But in many of these works subject matter counts more than artistic merit. In others aesthetics are more important than authenticity. Mr. Krakel notes a small oil painting by Miller showing an Indian looking out over an enormous, panoramic valley. The Indian's steed is a flowing, white stallion, the sort that no Indian ever rode. "They rode scraggly, jughead ponies, like you see in A Remington."
Towards the end of his life, Remington drifted towards impressionism, which, Mr. Krakel feels, accounted for his best works."Remington died at 48, and if he had lived 15 more years he would have turned out paintings that, in my opinion, would have been impressionism equal to any of the French. Anything after 1900, when he quit the magazines, were all fantastic impressionism -- land-scapes, mountainscapes, deserts -- there wasn't a line in them."
In one sense, "good art" runs counter to the essential appeal, the Western spirit of these works. This is the I-don't-know-good-art-but-I-know-what-I-like school. If a Westerner likes a picture, what the critics "back East" have to say about it pulls as little weight as a cowboy without a saddle and a horse to put under it.
Mr. Krakel feels that the very best of the Western art, what he calls the Taos Mexico) school, attracts the least amount of attention. "They went there in the 1890s, all of them highly qualified painters. They had no subsidies. They had no illustration contracts. They were there because they loved the most beautiful setting in America. That air is like crystal clear water -- beautiful. They loved it. The autumns, the Indians, the color -- this is probably the finest school of art in American art history.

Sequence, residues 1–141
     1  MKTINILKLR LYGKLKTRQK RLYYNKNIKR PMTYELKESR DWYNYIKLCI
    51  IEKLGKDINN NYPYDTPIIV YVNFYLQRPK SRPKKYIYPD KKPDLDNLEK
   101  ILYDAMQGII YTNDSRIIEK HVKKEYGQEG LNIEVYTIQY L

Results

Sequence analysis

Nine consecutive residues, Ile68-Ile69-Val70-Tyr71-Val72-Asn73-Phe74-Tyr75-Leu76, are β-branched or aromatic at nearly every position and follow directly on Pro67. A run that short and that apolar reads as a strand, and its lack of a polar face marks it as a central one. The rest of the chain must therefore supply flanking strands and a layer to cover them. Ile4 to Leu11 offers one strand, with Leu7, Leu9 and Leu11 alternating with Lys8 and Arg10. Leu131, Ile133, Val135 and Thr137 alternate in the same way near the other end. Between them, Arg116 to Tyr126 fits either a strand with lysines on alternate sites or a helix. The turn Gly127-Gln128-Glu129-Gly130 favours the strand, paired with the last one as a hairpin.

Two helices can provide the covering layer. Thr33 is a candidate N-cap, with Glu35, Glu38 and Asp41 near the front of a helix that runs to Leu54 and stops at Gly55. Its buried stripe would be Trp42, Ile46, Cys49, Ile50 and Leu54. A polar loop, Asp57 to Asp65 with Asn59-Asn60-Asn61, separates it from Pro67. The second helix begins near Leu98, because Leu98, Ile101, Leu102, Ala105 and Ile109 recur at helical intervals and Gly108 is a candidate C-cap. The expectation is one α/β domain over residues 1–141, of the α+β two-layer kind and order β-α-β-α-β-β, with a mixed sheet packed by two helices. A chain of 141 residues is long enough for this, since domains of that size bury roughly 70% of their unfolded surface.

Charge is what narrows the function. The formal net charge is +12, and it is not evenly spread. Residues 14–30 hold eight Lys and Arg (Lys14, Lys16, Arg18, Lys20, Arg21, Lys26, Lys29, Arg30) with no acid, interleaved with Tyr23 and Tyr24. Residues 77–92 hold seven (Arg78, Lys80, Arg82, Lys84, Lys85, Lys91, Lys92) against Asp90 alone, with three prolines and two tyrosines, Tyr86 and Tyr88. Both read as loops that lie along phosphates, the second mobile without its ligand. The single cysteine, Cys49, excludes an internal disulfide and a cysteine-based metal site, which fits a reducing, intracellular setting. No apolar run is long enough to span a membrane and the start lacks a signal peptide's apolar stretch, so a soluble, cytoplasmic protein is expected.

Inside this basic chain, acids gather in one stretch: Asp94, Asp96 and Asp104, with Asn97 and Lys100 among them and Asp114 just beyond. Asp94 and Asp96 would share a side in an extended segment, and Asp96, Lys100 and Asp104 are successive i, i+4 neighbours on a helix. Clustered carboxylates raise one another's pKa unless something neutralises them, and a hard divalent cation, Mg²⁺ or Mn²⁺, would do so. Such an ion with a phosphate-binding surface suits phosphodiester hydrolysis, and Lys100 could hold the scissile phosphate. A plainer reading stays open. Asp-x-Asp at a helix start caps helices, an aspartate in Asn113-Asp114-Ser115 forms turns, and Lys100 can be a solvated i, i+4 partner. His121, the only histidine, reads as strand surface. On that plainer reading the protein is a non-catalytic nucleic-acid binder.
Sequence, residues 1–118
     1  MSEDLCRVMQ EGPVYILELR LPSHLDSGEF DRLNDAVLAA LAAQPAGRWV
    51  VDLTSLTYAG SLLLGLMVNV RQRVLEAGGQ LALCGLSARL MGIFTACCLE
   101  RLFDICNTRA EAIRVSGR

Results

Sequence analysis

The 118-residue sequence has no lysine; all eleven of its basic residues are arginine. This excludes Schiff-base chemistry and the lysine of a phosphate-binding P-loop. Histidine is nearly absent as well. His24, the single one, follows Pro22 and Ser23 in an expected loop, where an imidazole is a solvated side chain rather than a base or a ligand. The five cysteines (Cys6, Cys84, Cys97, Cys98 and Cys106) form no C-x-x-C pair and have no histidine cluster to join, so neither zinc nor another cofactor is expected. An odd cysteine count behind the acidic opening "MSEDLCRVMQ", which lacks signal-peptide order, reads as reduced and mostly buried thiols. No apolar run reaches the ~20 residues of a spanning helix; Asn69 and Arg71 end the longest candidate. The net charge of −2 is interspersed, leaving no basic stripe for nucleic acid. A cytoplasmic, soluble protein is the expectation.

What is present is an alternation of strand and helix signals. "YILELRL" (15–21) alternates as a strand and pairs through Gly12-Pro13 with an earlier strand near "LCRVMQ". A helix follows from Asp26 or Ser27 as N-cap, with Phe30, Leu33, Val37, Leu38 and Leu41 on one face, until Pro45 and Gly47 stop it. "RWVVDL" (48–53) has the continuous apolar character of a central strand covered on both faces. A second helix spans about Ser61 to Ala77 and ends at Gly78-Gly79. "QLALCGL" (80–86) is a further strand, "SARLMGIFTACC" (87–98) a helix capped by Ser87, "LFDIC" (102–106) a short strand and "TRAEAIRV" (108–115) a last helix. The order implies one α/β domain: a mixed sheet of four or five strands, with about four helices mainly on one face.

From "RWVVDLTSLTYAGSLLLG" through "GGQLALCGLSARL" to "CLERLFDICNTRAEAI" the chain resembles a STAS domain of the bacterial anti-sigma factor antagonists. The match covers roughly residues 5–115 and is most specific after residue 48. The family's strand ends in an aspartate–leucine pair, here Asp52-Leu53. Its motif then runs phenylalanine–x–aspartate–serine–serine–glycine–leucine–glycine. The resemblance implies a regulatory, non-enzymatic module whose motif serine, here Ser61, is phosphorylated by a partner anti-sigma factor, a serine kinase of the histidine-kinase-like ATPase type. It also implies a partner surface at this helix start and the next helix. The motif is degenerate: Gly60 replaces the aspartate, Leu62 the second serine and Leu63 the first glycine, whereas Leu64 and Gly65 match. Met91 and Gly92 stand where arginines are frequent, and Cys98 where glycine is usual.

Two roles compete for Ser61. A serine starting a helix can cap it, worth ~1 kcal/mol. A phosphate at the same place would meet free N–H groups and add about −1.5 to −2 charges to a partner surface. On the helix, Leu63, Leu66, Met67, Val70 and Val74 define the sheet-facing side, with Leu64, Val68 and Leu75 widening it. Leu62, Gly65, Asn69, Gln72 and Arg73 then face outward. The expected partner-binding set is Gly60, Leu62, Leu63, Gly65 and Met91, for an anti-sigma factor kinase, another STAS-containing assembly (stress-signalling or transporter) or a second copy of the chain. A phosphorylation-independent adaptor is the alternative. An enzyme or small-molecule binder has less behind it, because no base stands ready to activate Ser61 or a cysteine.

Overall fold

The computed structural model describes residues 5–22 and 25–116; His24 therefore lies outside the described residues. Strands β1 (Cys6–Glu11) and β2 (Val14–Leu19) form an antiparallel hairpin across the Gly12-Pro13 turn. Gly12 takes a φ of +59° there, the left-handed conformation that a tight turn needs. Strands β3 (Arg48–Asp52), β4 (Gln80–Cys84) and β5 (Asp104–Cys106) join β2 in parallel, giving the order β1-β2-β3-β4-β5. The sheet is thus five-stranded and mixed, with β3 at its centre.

"They did problem paintings, not simple things of horses. Their paintings were mostly 50X50 inches. This [pointing to a Russell painting] is easy stuff. There [are] no talents today . . . that can match those old boys. . . ."
Although its popularity has spread east of the Mississippi, the great bulk of Western art resides, of course, in the West, mostly in Texas and Oklahoma. Westerners appreciate Westerners, and it didn't take long for oil paintings to get together with oil money to benefit some museums and private collections.
Mr. Krakel enjoys the fact that Western art is now recognized as a valid and valuable school of art, but is concerned lest outside interests, the "Robert Redford" influence, contaminate what remains -- the "beautiful sparseness . . . the paucity" -- of the Old West.
"This whole art thing today is great at selling the West, but it's so corrupting. The real West is dead. They've corrupted it."